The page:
Kakshaputa, aka: Kakṣapuṭa, Kaksha-puta; 2 Definition(s)

Introduction

Kakshaputa means something in Hinduism, Sanskrit. If you want to know the exact meaning, history, etymology or English translation of this term then check out the descriptions on this page. Add your comment or reference to a book if you want to contribute to this summary article.

The Sanskrit term Kakṣapuṭa can be transliterated into English as Kaksaputa or Kakshaputa, using the IAST transliteration scheme (?).

In Hinduism

Shaivism (Shaiva philosophy)

Kakshaputa in Shaivism glossary... « previous · [K] · next »

Kakṣapuṭa (कक्षपुट).—The strange term “kakṣapuṭa” is the compound of “kakṣa,” which means hiding-place, the armpit, a womanʼsgirdle, an enclosure, etc., and “putṭa”, which means a fold, a hollow space, a cup made of a folded or doubled leaf, etc. The combination of these words means the armpit, or a cloth passed between the legs to cover the private parts.

Source: Shodhganga: Mantra-sādhana: Chapter One of the Kakṣapuṭatantra
Shaivism book cover
context information

Shaiva (शैव, śaiva) or Shaivism (śaivism) represents a tradition of Hinduism worshiping Shiva as the supreme being. Closely related to Shaktism, Shaiva literature includes a range of scriptures, including Tantras, while the root of this tradition may be traced back to the ancient Vedas.

Discover the meaning of kakshaputa or kaksaputa in the context of Shaivism from relevant books on Exotic India

Languages of India and abroad

Sanskrit-English dictionary

Kakshaputa in Sanskrit glossary... « previous · [K] · next »

Kakṣapuṭa (कक्षपुट).—

1) the arm-pit.

2) Name of a work on magic.

Derivable forms: kakṣapuṭaḥ (कक्षपुटः).

Kakṣapuṭa is a Sanskrit compound consisting of the terms kakṣa and puṭa (पुट).

Source: DDSA: The practical Sanskrit-English dictionary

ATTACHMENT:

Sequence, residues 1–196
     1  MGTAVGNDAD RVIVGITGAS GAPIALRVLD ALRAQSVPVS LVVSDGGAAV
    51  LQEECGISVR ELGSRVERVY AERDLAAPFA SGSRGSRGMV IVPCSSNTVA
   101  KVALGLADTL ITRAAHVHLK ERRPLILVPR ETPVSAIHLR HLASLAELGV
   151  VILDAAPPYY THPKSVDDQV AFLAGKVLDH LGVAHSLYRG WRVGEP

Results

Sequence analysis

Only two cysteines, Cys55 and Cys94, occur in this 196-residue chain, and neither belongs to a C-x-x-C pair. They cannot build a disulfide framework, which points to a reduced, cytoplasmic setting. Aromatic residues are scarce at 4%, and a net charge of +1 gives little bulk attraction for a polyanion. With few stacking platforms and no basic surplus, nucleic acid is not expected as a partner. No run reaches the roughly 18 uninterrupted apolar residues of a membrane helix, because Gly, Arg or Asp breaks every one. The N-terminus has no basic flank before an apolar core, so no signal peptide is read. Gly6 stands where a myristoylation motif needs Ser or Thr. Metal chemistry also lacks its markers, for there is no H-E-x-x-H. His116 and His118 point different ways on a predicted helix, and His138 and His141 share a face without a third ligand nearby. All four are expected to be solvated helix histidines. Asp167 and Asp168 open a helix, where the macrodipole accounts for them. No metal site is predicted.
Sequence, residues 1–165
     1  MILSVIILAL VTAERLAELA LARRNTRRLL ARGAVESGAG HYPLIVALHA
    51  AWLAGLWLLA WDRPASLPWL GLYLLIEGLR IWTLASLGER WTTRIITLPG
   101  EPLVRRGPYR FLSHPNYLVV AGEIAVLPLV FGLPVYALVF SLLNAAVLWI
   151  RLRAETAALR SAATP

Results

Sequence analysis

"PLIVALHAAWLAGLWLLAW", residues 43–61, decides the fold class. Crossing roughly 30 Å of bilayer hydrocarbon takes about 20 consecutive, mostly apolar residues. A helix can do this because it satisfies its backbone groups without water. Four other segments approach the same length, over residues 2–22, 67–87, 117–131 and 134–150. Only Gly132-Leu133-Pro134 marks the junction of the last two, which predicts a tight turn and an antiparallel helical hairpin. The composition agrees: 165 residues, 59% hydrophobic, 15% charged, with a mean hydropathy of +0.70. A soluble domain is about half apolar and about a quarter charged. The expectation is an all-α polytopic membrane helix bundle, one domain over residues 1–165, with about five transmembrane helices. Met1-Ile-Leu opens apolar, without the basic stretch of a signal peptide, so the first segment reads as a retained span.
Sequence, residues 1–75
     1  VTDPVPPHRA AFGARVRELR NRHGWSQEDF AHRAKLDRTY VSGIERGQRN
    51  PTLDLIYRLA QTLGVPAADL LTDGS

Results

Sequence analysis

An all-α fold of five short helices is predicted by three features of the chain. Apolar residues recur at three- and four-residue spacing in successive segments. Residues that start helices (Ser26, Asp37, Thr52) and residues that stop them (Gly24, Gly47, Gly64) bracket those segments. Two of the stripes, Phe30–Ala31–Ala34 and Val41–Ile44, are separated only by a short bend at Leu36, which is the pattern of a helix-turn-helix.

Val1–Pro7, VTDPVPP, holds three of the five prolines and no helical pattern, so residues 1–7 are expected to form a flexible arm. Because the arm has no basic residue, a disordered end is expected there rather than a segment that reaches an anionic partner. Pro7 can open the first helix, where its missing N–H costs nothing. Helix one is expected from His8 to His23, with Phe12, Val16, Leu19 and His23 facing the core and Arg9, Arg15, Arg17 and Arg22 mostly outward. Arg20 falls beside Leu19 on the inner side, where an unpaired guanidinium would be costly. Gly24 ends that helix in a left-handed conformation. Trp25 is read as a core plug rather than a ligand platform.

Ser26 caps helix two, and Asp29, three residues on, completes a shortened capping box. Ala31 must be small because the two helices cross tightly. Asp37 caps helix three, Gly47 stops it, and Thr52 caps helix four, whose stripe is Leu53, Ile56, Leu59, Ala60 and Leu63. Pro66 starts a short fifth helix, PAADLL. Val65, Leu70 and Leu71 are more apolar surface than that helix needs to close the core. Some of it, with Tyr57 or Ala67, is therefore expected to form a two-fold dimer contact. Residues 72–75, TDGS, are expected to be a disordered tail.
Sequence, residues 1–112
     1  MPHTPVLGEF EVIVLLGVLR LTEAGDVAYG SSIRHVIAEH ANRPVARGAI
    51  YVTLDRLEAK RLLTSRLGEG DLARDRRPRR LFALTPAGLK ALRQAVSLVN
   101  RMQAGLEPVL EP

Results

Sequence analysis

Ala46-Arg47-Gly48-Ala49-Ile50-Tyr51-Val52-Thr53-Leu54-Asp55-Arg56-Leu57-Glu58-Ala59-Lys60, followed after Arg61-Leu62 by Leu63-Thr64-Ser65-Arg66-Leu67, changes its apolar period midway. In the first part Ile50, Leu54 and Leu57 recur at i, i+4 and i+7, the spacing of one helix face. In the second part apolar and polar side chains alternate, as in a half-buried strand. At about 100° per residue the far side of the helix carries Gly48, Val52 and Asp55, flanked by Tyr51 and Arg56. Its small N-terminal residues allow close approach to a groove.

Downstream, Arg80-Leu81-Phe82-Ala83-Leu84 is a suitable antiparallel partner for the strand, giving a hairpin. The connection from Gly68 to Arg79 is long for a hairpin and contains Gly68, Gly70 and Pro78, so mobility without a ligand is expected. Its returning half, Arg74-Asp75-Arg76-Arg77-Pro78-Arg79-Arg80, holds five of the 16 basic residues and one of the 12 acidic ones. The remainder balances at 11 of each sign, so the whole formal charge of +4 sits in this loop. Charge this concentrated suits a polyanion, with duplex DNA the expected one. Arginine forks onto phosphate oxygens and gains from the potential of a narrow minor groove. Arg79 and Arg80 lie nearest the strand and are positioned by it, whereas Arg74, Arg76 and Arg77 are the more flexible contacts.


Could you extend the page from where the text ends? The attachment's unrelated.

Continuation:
context information

Sanskrit, also spelled संस्कृतम् (saṃskṛtam), is an ancient language of India commonly seen as the grandmother of the Indo-European language family. Closely allied with Prakrit and Pali, Sanskrit is more exhaustive in both grammar and terms and has the most extensive collection of literature in the world, greatly surpassing its sister-languages Greek and Latin.

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Relevant definitions

Search found 181 related definition(s) that might help you understand this better. Below you will find the 15 most relevant articles:

Puta
Puṭa (पुट).—see puṣpa-puṭa, eka-, dvi-puṭa; also s.v. paṭa-bhedaka.--- OR --- Pūṭa (पूट).—m., a...
Kaksha
Kakṣa (कक्ष).—A place of habitation of ancient Bhārata. (Śloka 49, Chapter 9, Bhīṣma Parva).
Putapaka
Puṭapāka (पुटपाक).—1) a particular method of preparing drugs, in which the various ingredients ...
Pushpaputa
Puṣpapuṭa (पुष्पपुट) or Puṣpapuṭahasta refers to “worship with flowers” and represents one of t...
Putabhedana
Puṭabhedana (पुटभेदन).—n. (-naṃ) A city.
Gajaputa
Gajapuṭa (गजपुट).—a small hole in the ground for fire. Derivable forms: gajapuṭaḥ (गजपुटः).Gaja...
Nasaputa
Nāsāpuṭa (नासापुट).—a nostril. °मर्यादा (maryādā) the septum of the nose. Derivable forms: nāsā...
Manahputa
Manaḥpūta (मनःपूत).—a. (manaḥpūta) 1 considered pure by the mind, approved by one's conscience;...
Karnaputa
Karṇapuṭa (कर्णपुट).—the auditory passage of the ear. Derivable forms: karṇapuṭam (कर्णपुटम्).K...
Triputa
Tripuṭā (त्रिपुटा) is another name for Karṇasphoṭā, a medicinal plant possibly identified with ...
Samakaksha
Samakakṣa (समकक्ष).—a. having equal weight. -kṣā equilibrium. Samakakṣa is a Sanskrit compound ...
Shuktiputa
Śuktipuṭa (शुक्तिपुट).—n. (-ṭaṃ) The pearl oyster-shell. E. śukti, puṭa a bag or sheathe.
Darduraputa
Dardurapuṭa (दर्दुरपुट).—m. (-ṭaḥ) The mouth or extremity of a pipe. E. dardura, and puṭa a cup...
Kakshashaya
Kakṣaśāya (कक्षशाय).—m. (-yaḥ) A dog. E. kakṣa an inner room, śāya who sleeps.
Anjaliputa
Añjalipuṭa (अञ्जलिपुट).—the cavity formed by joining the hands together; hollowed plams of the ...

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